Easy Photography Set Up




Introduction: Easy Photography Set Up

About: Ham Radio, Gardening, InfoSec, Bicycles as transportation -- Currently: Product Security @ Slack

Trying to make your photos look professional? A good set up can make subpar photos look fantastic. Here is a quick write up of how we at instructables did our simple set up for smaller projects!

Want a light diffuser to go with it, check out this instructable by carleyy

Step 1: Supplies

For this project you will need:

2 Broom hanging brackets. I used these as the holding hooks.
1 long piece of steel pipe, this was found on the instructables roof

For the back drop paper we used 18% gray photo paper from the photography store. You can use a roll of butcher paper if you don't have the photo paper.

Step 2: Put Up the Brackets

First step put up the brackets, they should be drilled into a stud for stability if you can.

We placed the brackets about 6 feet apart because our paper roll was 5 feet, adjust this as needed.

Step 3: Put Up the Pipe

Once the brackets are up, put the pipe up and check if its balanced.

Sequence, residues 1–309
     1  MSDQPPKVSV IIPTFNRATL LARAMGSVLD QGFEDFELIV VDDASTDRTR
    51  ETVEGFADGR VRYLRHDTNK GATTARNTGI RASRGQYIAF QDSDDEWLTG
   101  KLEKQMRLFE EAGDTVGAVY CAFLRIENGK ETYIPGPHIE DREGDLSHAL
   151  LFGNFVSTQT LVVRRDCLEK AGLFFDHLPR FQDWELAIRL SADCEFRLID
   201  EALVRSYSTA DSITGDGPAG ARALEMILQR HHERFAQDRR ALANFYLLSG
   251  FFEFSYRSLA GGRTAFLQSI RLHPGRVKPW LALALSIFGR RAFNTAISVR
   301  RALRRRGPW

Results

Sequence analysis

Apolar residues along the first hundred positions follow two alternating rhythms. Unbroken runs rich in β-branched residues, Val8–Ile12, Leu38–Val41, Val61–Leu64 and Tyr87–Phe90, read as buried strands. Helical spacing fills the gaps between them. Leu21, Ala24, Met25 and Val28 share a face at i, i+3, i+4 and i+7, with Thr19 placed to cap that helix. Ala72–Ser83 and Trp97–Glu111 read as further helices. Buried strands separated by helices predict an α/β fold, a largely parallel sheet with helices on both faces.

Step 4: Put Up the Paper and Done!

Once you have the pipe up, take it off and slide the tube of photo paper on it and you're done!

We completed our photo set up by purchasing a daylight bulb and making a quick diffuser out of tissue paper!

Show us your photo set ups in the comments!

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    9 years ago on Step 4

    Thank you for the instructable. Getting good product photos has always been a challenge for me, and this will help. However, could you provide more information on what kind of bulb you used? Incandescent? Compact fluorescent? Plus, what are the watts/lumens?


    12 years ago on Introduction

    I use a similar setup for taking pictures to sell items on the internet. I used a roll of 3' wide banner paper marketed by the Elmers glue company that I purchased at Walmart. For lighting I use a few desktop goose neck lamps with the daylight CFL bulbs. Works great.


    12 years ago on Introduction

    Very nice. This is more-or-less exactly the setup my sculpture professor had. Excet he hung up an entire roll of paper so he could pull more down when it got worn or dirty. He used black paper instead of white because it looks nice when you're emphasizing light and shadow.


    12 years ago on Introduction

    Simple and very effective. I like it!
    Could you tell what the power of the lamp is? (Watts)


    Reply 12 years ago on Introduction

    A 40-60 watt ( or equivalent fluorescent/led) would probably be a pretty good level for something like this but it ultimately would depend on your preferences and how much natural light you have coming into the room. Also, you may want to consider getting a bright white type bulb ( such as a "Daylight" fluorescent bulb) as it will give better color quality and the photo won't come out slightly yellow.

    plz vot 4 me in the office supplies contest 4 my DIY tattoo machine.

    Thanks, emihackr97.